Also at the new Gawker, James Greig writes that while he’s relieved to have been recently diagnosed with ADHD, he’s kind of annoyed by the online discussions around ADHD. “What’s really striking is the extent to which a disorder associated with garrulousness and substance abuse has been captured so utterly by nerds. To what neurodivergent urges would I now be subjected? Would I be tempted to start drawing pastel-colored webcomics about buying too many notebooks or set up a TikTok account with my boyfriend in which he is assigned the role of baffled but tolerant neurotypical and I am essentially a child? […] I didn’t want to do any of those things, but I did start to consider what we are telling ourselves—and one another—about ADHD.” It reminds me the online discourse a generation ago about what was then called Asperger’s, which was also framed in nerd-superpower terms (and also just as classist).
Garlic in a Jar and the Casual Ableism of Foodie Culture
“The culture that surrounds cooking today is one that lends itself well to casual ableism,” writes Gabrielle Drolet in The Walrus. “It’s a culture that prizes specific ways of doing things over others, constantly pitting methods and recipes against one another: French-style scrambled eggs over American; minced garlic instead of pressed, nonstick pans against those made of cast iron, bouillon cubes against broth cartons against homemade stock.” Drolet had cause to reconsider the precepts of foodie culture when an injury limited her ability to cook the right way. “Often, the wrong choice is the easier (read: more accessible) one—and making it is a fatal flaw. These aren’t things to try to avoid when you can. They’re things you should never do, even though many of us don’t have a choice. This lack of nuance is what made me believe using accessibility tools might make me a bad cook, pushing me to hurt myself even when cooking alone.”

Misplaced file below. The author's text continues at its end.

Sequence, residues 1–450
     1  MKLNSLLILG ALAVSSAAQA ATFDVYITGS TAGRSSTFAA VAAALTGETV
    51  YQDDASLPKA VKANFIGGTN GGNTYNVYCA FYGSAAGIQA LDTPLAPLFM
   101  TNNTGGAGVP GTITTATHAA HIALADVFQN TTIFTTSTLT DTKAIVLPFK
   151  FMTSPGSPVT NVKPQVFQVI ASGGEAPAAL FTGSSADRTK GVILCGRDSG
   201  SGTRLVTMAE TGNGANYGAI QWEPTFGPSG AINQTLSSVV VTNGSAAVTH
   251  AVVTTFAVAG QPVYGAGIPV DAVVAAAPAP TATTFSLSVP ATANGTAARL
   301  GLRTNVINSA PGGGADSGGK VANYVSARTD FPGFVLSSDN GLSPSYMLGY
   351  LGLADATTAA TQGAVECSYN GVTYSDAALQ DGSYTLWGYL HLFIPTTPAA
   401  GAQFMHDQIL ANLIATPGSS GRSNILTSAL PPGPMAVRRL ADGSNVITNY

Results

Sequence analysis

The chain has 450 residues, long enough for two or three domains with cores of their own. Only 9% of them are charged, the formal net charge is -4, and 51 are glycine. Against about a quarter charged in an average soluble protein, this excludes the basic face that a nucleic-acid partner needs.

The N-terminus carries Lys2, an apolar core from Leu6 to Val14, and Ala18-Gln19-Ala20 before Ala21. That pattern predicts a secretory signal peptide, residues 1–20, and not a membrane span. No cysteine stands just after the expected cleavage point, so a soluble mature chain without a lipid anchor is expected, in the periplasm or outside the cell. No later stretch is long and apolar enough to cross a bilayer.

In Good Faith
My friend Dominik Parisien is a disabled writer, editor and poet; in the latest issue of Maisonneuve he talks about his childhood experience with a faith healer, and draws this, shall we say, pointed parallel between that sort of quackery and the magical thinking people engage in with the disabled: “These misguided attempts at healing aren’t just carried out by religious people or practitioners. […] Disabled and chronically ill people are constantly told our conditions exist because of a lack of belief, or effort, or willpower. A better attitude will cure you, or yoga, or a new diet. Abled people, religious or not, remain convinced they can heal us, and will try to do so, whether we welcome it or not. This happens everywhere from houses of worship to doctors’ offices, rehabilitation centres and care homes, to places entirely unrelated to treatment like schools, parks and restaurants.”